Window sill garden
Container gardens are one way to garden and relax during COVID19

Student Farm Summer Newsletter: Wellness

By Carlos Wolf, Environmental Science and Management ‘20

With the current COVID-19 pandemic and the stress from everyday working and college life, it is important to remember to take some time out of each and everyday for yourself. Keep reading to see what wellness professional Emilia George and lead student farmer Alany Valle do to maintain their wellness, as well as some helpful suggestions for maintaining your own. 


Taking care of yourself could be as quick as five minutes, or as long as several hours. One activity that benefits both mental and physical wellness is gardening. I personally don’t have much space in Davis for gardening. That said, gardens don’t have to be large, or even outside. I utilize my kitchen window sill as my garden space. As can be seen from the image on the right, I have a basil plant, some scallions, and an avocado starting in my new setup outside of Davis. A wide variety of produce can be grown indoors or in limited space environments. If you are in a house with a yard, it’s possible to grow even more varieties of produce. If gardening isn’t something you are quite ready to jump into, below are some additional suggestions that may serve as a welcome mental break:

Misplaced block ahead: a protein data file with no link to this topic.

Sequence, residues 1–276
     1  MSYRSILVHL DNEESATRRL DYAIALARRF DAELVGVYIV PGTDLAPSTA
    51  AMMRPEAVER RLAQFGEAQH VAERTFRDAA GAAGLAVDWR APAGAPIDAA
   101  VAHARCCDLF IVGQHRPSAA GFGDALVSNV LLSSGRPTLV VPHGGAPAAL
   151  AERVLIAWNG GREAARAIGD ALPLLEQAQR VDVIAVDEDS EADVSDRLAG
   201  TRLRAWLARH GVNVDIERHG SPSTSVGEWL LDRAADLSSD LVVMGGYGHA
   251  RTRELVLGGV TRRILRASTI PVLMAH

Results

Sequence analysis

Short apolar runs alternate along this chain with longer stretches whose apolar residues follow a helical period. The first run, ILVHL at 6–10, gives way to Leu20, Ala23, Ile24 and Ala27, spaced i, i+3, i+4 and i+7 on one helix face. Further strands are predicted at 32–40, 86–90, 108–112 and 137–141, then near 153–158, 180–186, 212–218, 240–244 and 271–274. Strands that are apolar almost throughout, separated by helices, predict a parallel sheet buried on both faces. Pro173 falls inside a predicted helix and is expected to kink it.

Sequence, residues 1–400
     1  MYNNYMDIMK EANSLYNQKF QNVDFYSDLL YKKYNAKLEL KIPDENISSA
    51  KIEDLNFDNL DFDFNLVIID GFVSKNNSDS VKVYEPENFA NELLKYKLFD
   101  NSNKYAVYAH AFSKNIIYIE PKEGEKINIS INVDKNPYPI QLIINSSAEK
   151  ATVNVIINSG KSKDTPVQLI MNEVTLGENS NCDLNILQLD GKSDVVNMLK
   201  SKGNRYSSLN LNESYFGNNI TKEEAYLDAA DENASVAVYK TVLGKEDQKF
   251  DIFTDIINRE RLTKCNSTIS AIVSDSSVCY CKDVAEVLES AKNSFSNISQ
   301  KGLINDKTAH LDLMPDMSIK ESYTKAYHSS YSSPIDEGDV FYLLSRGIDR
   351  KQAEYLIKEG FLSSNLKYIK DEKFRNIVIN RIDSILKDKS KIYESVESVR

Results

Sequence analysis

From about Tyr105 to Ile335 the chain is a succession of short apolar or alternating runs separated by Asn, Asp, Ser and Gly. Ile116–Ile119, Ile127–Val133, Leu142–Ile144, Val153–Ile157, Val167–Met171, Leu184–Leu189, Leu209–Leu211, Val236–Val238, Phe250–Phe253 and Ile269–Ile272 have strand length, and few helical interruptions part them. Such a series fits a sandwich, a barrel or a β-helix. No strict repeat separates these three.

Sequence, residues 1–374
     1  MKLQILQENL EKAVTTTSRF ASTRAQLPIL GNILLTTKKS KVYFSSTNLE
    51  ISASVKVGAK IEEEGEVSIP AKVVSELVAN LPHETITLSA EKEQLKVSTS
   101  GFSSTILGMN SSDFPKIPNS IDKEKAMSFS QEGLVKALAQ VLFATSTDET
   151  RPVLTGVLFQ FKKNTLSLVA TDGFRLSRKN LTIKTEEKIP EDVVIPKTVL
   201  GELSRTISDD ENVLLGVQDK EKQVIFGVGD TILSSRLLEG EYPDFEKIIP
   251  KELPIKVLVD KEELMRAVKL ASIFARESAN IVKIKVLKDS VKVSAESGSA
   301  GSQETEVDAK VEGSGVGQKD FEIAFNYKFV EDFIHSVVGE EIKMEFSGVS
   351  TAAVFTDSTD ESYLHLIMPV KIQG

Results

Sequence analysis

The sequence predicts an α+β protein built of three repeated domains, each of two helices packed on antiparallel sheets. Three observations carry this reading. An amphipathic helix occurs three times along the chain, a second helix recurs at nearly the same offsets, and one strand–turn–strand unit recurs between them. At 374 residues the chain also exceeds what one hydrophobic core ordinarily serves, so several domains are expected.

Cooking, baking, making playlists, reading books or news articles (students, staff, and faculty have free access to New York Times through the UC Davis Library), playing video games, call/video call with friends and/or family, meditation, and working out (here are some suggestions if you don’t know where to start) or go check out the ARC website. For more immediate and/or professional help please visit some of the resources below. 

The UC Davis Student Health and Wellness Center and their counseling services or wellness services. Additional help can be sought at the National Suicide Prevention Lifeline, National Domestic Violence Hotline, Crisis Text Line, and for LGBTQIA+ people in crisis, The Trevor Project provides access to trained counselors for people in crisis, feeling suicidal, or in need of a safe and judgment-free place to talk.